Stonehenge backs up right against a major highway. In Pisa, we took more pictures of the tourists miming than the leaning tower itself. I've heard that the Sphinx in Cairo is being crowded by McDonalds and shopping malls (I still want to see it though!). But everyone wants a picture of how it was a hundred years or a thousand years ago, when there weren't cities and highways, shopping malls and parking lots, and acres of concrete, glass and steel all dominating our landscape.

I find that so interesting.


Here are two more of those sweaty tourists, lined up to get their picture taken in front of Angkor Wat

We've visited many of the "Top Ten" tourist spots in almost every country we've traveled to. Although we dislike crowds, there is a reason why these places are so popular. Angkor Wat is magnificent, due in part to the sheer size of it, but also all the way down to the well-preserved old grey stones and the odd monk walking around in orange robes (odd as in few, not weird).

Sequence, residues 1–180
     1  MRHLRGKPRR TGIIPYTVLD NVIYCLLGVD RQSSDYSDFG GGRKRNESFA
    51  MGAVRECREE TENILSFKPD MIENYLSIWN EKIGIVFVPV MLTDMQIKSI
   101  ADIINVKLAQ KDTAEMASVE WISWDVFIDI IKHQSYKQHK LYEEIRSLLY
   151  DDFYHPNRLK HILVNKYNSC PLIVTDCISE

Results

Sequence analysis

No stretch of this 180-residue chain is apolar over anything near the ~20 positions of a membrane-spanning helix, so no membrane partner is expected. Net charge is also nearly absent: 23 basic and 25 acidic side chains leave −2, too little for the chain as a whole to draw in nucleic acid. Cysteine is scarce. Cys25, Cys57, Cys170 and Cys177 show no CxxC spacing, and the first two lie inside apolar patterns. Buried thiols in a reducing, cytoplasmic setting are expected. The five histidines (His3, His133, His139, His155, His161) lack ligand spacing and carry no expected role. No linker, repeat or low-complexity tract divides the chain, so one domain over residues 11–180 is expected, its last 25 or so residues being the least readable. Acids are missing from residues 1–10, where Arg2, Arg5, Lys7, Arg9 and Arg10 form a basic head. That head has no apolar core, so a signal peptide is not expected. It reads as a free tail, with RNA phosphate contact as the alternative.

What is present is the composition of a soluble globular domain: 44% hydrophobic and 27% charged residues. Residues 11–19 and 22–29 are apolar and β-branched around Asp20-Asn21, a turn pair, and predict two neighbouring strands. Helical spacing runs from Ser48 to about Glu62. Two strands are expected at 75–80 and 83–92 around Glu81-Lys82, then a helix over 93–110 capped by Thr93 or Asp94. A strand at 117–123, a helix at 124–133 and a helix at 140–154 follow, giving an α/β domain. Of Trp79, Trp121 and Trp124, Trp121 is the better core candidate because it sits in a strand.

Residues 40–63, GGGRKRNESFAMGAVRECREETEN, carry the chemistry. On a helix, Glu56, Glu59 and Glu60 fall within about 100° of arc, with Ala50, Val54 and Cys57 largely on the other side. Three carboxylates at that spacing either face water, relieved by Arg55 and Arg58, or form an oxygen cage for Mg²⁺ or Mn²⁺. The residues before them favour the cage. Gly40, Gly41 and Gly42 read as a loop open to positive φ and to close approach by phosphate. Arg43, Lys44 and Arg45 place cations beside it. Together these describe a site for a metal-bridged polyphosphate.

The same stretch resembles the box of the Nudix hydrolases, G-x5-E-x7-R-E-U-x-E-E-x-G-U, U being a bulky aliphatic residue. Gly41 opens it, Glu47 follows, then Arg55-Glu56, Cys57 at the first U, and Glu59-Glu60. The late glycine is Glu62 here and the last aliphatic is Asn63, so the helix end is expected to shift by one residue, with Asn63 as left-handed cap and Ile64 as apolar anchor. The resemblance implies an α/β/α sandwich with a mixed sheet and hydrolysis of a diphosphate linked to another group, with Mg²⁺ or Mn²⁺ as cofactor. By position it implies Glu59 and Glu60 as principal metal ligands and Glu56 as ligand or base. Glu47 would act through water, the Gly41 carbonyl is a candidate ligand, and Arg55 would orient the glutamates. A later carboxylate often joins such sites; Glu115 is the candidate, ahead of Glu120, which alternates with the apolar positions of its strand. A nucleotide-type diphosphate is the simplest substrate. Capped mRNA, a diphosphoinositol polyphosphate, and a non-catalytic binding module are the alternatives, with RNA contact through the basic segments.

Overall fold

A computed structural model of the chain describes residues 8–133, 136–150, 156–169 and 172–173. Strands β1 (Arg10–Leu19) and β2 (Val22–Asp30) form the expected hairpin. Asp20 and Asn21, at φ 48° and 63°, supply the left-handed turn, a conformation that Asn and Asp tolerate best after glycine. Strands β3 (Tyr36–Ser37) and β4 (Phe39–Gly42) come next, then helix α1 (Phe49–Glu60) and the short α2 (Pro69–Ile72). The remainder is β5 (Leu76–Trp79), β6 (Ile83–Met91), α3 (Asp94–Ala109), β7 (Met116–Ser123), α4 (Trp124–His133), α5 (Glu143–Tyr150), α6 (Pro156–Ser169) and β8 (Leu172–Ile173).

Neda spent a lot of time taking pictures of the lily pads on the pond in front of the temple


A horse is parked in front for more tourist picture opportunities.


So this is a thing now...

We've kept this blog going for so long that it's not only just a diary of where we've been, but it's also become sort of a historical record of worldwide fads and trends. Back in 2012, we returned from a six-week trek to and from the Arctic Ocean in Alaska, and our friends in Vancouver informed us that Gangnam Style had become a thing while we were gone...

So let this be a record. As of right now, "dabbing" is a thing.

Personally, I find it a bit odd. (Odd as in weird, not few)
 

Sun is approaching the golden hour and everyone is flocking outside


The crowds outside the temple


Are these monks also walking outside to get a shot for their Instagram account?

Not joking! I've seen a few monks tapping and swiping on their smartphones. So apparently it's allowed.

I've heard that they have special Buddhist SIM cards for their phones. There's a guy who sells it to them, he's called the Chip Monk...

(insert obscure Asus Zenfone reference here)